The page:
In 2014, he received a Tony nomination for best lead actor in a musical, and the musical itself won best musical. He was finally able to pay off student loans and had validation for what the voice in his head had been telling him for so long, he said.
“I had finally proved it to myself,” Pinkham said. “It gave me a great deal of confidence because I knew I could lead a Broadway show and help win it a Tony award. It gave me license to trust myself, to know that I belong here with all of these people. The entire experience was monumental.”
COVID-19: CLOSING THE CURTAIN
All three BC alumni’s careers have had their share of freedom and unpredictability, which was only worsened by the COVID-19 pandemic. With Broadway shut down, the theatre industry has had to find other ways to support itself.
The daily tasks for many in the theatre industry have shifted, according to Lazour. His meetings with individuals potentially interested in his show have all become virtual and his days of writing in cafes are over, at least for now, he said.
Although We Live in Cairo closed before the start of the pandemic, Lazour and his brother wanted to find a way that fans could enjoy the music from the show from home. They released an album titled Flap My Wings with singer-songwriters and activists from all over the Arab world singing the songs from We Live in Cairo.
“We were like what if we invite all of these activists, the songwriter activists who are integral to our show, like they were inspirations for the characters of our show, and their music was inspiration for the score of the show,” Lazour said.
They emailed Hamed Sinno, a Lebanese-American vocalist and songwriter, and Ramy Essam, who was coined “the voice of the Egyptian Revolution.”The artists were given liberty to interpret the songs however they wanted, and the Lazours produced the tracks and combined them to form the album.
“These artists are extremely busy, but because of the pandemic, everything shut down, so it’s like, ‘Why not collaborate on something like this?’” Lazour said. “It just ended up that everyone we asked said ‘yes’ to the project.”
The album was produced remotely, with everyone recording it in their homes. This resulted in a global album with songs produced in Mexico, Paris, Cairo, California, and Boston.
Last March, at the beginning of the lockdown, Lunnie was in Louisville working on a play in the Humana Festival. On March 12, half an hour before curtain, she found out that the show had been canceled. Like most people, Lunnie did not realize how drastically her life was about to change, she said.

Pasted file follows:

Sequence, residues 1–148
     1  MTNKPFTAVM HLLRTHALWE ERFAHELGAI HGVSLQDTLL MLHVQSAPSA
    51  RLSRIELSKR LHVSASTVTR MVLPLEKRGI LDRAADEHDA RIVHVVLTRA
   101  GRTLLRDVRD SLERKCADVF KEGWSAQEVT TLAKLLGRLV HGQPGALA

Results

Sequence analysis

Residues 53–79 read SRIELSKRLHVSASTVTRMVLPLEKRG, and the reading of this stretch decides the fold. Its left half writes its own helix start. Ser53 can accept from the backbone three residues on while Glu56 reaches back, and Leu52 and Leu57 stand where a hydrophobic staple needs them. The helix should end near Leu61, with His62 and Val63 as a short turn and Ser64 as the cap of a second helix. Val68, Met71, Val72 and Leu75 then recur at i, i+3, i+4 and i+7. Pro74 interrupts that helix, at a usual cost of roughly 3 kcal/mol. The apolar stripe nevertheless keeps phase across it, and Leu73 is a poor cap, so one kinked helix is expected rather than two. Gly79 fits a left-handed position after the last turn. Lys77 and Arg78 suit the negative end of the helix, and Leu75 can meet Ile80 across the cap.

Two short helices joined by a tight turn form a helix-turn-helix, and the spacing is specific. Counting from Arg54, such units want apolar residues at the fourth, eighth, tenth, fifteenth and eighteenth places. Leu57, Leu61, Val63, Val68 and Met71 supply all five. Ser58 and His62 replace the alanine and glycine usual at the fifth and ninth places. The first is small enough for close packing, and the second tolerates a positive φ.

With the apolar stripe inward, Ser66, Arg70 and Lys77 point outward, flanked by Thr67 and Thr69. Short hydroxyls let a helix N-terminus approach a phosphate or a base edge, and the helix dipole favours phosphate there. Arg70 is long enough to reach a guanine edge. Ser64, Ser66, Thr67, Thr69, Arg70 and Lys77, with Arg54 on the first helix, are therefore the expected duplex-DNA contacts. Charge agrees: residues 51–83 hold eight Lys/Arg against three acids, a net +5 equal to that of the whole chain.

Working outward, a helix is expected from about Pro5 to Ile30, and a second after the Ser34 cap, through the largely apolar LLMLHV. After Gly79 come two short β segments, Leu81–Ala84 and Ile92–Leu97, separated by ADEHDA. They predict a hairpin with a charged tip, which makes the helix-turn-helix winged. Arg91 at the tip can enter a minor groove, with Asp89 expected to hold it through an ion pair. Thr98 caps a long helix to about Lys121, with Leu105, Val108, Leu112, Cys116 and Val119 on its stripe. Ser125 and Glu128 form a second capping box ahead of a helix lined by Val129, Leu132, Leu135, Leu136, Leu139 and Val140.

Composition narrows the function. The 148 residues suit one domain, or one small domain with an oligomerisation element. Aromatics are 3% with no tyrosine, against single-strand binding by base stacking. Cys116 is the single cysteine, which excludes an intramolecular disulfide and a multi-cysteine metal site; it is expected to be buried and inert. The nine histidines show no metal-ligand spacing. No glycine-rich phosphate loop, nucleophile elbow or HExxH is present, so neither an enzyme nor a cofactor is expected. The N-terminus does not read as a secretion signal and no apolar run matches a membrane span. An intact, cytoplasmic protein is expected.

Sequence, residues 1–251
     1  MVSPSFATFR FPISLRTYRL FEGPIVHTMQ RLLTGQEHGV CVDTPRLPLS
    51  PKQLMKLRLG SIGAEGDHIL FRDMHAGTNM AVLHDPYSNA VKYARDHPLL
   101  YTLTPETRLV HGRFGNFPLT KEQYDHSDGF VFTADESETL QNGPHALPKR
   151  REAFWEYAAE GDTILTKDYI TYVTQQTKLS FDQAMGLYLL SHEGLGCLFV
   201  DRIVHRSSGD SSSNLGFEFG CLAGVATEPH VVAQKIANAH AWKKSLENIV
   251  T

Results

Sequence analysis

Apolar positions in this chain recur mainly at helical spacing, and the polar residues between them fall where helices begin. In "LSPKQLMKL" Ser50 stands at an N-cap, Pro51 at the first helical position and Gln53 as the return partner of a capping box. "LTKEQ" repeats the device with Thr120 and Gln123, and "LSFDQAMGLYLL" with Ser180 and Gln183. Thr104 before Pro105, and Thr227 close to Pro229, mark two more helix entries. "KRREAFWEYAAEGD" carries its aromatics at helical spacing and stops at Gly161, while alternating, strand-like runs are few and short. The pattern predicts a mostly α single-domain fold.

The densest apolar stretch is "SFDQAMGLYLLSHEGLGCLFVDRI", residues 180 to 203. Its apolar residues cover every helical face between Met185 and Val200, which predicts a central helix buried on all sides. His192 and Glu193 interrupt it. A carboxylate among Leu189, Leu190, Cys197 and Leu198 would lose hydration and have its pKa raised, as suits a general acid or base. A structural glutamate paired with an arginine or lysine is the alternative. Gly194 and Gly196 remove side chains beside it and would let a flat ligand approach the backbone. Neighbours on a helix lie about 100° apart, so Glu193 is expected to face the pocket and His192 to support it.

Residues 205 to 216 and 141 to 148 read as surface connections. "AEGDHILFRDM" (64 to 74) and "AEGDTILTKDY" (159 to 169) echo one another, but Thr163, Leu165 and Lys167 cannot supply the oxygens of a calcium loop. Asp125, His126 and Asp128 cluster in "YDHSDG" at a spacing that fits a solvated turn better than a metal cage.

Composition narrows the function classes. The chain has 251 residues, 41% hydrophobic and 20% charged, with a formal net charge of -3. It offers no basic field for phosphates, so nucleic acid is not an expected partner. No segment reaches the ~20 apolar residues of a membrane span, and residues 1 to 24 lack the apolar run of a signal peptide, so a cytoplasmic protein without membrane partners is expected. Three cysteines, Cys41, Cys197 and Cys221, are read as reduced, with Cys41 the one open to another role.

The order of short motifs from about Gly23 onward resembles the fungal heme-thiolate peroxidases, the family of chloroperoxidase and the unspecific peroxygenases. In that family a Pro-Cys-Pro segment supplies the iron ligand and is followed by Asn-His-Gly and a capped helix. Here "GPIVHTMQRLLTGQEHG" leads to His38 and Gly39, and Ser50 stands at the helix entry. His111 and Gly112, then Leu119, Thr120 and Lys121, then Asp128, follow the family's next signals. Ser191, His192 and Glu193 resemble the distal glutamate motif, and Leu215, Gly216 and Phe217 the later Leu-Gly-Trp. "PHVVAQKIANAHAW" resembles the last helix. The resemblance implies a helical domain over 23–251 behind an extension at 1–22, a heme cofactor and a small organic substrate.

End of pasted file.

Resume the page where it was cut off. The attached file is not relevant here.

Despite the challenges of being a dramaturg in a time without live theatre, Lunnie has been able to find work. Before the pandemic, she worked on audio adaptations of shows that had productions in New York, leading to the opportunity of doing the audio for the theatre division of Audible—an audiobook streaming service.
She also continued working by producing audio adaptations of two plays—Good Grief by Ngozi Jane Anyanwu and Transfers by Lucy Thurber.
“That was really helpful, to be working on things in the belief that they will have a life when we can gather in person again,” Lunnie said.
Despite the challenges the pandemic poses to the entertainment industry, the silver lining for Pinkham is that he spends more time with his kids, he said. When he does have time to himself, ideas for future projects revive him in this stagnant time.
Pinkham is hopeful for the future of the profession, he said. The time away from the theatre—and the events that have occurred in between—has allowed the industry to begin cultivating a better version of the American theatre, he said.
He said he predicts that new situations that audiences have undergone in the past year will be brought to the forefront when theatre returns. This is especially possible through donations to charities from those who enjoy live performances, music, and art, including The Actor’s Fund, The Sable Project, and other organizations that support emerging Black artists across the country. Most of all, Pinkham said he is excited to be back, whether it is on the stage or in the audience.
“With a family, I’ve considered choosing a working life that is more stable, but I don’t think that I’ll ever stop wanting to perform,” he said. “It’s my drug of choice; I just throw myself to the wolves of live performance and try and come up with something that will make people laugh or cry or somewhere in between, and that’s enough of a rush for me.”
Featured Graphic by Meegan Minahan / Heights Editor
Photos courtesy of Patrick Lazour, Sarah Lunnie, and Bryce Pinkham